Clinton Son-In-Law Marc Mezvisnky Firm Is Said To Close Greece Hedge Fund

Chelsea Clinton’s husband and his partners have suffered a huge loss after trying to bet on the revival of the Greek economy, and are now being forced to shut down one of their hedge funds.

Marc Mezvinsky, 38, and his partners, former Goldman Sachs colleagues Bennett Grau and Mark Mallon, raised $25million from investors to buy up bank stocks and debt from the struggling nation.

That fund however has lost 90 percent of its value, investors with direct knowledge of the situation told The New York Times, and will now be closed.

Eaglevale Partners was started in 2011 by Mezvinsky and his partners, with their former boss, Goldman Sachs CEO Lloyd C. Blankfein, one of the first investors.

The flagship fund currently manages $330 million and is down 1 percent this year.

Mezvinsky was long gone from his job at Goldman in October 2013 when his mother-in-law Hillary was paid to give a speech to executives at the company during a technology conference in Arizona.
She was reportedly paid $225,000 for that appearance.

There had been news of trouble with the company’s Greek bet for some time now, which was called the Eaglevale Hellenic Opportunity.

The Wall Street Journal reported in February 2015 that Eaglevalle said in a letter to investors that year that they had been ‘incorrect’ to bet on Greece and that is why the company had lost money two of the three years prior.

The main fund dropped 3.6% in 2014, fained just 2.06% in 2013 and lost 1.96% in 2012.

The situation in the country last year likely only made things worse, with Greece having to be saved from the brink of economic collapse at the last second thanks to a bailout.

But good news for the people working at the hedge fund, as most funds collect management fees meaning money comes in even if funds lose money.

Shortly after starting Eagleville, Mezvinsky and Chelsea moved into a $10million New York City apartment opposite Madison Square Park.

The four-bedroom, 5,000-square-foot apartment is one of only four residences in the building, which despite the low occupancy rate still has a full-time doorman.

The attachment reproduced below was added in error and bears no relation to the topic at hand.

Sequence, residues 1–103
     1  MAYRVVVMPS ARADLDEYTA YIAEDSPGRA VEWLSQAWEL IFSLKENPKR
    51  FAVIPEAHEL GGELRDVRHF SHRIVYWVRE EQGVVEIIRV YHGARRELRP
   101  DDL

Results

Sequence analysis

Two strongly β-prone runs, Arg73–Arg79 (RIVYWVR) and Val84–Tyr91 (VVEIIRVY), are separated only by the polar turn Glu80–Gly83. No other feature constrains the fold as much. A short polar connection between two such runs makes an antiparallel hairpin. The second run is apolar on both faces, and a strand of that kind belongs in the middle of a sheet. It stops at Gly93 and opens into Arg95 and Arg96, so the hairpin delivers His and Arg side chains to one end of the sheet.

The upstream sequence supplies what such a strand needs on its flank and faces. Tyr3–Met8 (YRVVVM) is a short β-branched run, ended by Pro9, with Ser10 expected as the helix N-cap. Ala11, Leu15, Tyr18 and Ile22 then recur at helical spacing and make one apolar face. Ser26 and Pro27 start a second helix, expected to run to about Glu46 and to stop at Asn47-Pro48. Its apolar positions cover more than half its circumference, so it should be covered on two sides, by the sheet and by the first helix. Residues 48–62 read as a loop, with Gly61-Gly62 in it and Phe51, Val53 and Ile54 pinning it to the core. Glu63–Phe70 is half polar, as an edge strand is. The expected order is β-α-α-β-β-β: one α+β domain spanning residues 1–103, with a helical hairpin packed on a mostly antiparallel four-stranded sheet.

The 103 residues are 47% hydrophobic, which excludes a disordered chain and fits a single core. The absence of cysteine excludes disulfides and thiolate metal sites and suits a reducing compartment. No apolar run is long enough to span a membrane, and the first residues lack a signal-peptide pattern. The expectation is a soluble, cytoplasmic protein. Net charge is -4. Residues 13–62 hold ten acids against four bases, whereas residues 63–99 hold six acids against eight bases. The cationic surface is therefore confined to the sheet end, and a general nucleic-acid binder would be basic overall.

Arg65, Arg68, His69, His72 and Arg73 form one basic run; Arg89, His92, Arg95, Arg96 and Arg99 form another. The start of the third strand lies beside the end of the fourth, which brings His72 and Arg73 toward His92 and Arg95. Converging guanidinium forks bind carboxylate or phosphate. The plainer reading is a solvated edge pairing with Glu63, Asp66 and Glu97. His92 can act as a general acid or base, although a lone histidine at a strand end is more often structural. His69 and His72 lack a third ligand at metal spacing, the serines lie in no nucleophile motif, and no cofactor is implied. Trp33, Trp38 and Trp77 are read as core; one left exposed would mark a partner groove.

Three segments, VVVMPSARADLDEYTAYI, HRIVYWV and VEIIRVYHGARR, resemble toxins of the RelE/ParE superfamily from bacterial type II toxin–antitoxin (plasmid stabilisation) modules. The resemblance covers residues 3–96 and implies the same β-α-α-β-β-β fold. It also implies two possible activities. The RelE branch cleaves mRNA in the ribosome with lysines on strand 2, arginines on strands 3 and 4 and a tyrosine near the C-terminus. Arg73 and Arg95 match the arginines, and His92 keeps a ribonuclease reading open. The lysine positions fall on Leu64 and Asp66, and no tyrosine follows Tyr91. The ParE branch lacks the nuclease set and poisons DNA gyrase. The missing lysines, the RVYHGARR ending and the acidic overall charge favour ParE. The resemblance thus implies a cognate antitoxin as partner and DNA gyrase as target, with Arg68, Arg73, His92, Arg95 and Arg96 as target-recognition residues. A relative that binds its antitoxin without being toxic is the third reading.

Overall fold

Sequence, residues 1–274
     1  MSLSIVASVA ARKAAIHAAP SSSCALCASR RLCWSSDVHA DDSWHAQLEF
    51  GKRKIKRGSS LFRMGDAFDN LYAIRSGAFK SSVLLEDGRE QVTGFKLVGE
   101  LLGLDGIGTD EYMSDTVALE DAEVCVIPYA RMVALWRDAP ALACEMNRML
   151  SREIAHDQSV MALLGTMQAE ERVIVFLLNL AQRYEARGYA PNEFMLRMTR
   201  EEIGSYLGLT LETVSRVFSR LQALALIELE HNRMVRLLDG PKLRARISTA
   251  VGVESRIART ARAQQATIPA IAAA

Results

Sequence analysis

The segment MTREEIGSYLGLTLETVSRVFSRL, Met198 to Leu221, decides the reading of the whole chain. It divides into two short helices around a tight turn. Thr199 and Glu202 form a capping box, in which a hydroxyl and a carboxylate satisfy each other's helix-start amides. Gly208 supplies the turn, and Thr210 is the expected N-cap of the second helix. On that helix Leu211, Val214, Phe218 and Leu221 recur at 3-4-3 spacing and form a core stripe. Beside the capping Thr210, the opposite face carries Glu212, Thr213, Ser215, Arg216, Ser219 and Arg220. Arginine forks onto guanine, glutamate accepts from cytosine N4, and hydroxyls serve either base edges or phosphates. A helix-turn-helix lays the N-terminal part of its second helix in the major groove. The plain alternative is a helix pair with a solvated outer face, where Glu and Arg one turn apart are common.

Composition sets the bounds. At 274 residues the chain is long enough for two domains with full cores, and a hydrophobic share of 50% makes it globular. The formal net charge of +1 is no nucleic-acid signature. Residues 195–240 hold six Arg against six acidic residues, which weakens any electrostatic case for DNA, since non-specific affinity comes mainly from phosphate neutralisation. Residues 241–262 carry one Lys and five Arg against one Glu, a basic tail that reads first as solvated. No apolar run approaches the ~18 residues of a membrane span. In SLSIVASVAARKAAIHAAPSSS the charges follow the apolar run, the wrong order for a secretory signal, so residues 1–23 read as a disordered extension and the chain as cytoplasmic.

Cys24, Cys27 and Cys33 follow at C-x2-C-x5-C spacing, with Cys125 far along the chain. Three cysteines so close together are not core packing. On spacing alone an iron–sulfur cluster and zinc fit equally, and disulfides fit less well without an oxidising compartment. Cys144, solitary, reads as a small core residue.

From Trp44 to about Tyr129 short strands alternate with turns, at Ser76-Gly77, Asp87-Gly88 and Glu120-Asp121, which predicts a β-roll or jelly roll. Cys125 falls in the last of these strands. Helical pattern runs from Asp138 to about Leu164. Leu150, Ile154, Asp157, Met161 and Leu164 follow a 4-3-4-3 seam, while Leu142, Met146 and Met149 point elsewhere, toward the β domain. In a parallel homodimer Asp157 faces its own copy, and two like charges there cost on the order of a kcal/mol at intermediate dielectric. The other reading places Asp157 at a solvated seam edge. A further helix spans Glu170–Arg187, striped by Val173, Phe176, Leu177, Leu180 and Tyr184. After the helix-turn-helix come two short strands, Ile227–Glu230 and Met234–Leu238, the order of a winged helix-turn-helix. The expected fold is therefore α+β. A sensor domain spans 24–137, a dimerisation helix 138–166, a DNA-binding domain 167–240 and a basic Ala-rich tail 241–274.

The apartment, whose hallways stretch a full city block, also has two dishwashers, two washer and dryers, dressing rooms with double-sided vanity mirrors, and two massive walk-in closets.

The bedrooms meanwhile face right into Vera Wang’s bridal design studio, who designed Cheslea’s dress for her wedding day.

Chelsea, 36, has stayed busy this past year campaigning for her mother while also working for the Clinton Foundation.

She and her husband have a daughter Charlotte and are expecting a second child later this year.

1 reply
  1. Joe Levin
    Joe Levin says:

    Chelsea Clinton’s husband is reportedly closing his Greek hedge fund. The news from Marc Mezvinsky comes after the fund is said to have lost 90 percent of its value.

    “It was a hedge fund portfolio pitched by Hillary Clinton’s son-in-law, Marc Mezvinsky, as an opportunity to bet on a Greek economic revival,” the New York Times reports.

    “Now, two years later, the Greece-focused fund is shutting down, after losing nearly 90 percent of its value, according to two investors with direct knowledge of the matter who spoke on the condition of anonymity.

    “Investors were told last month that the fund would close. The fund, Eaglevale Hellenic Opportunity, had raised $25 million from investors to buy Greek bank stocks and government debt.

    “Eaglevale Partners, a Manhattan hedge fund firm founded by Mr. Mezvinsky and two former Goldman Sachs colleagues, raised money for the Hellenic fund at a time when some on Wall Street had hopes for a revival in the Greek economy. For a time, Mr. Mezvinsky appeared at hedge fund conferences promoting the Greece investment thesis.”

    The fund failed despite high profile boosters. “Some of the firm’s earliest investors were Goldman partners, including Lloyd C. Blankfein, Goldman’s chief executive officer, who let Eaglevale use his name in marketing the flagship fund.

    “It is not clear why Eaglevale waited until this year to close the Hellenic fund, which already had lost about 40 percent of its value by early last year.”

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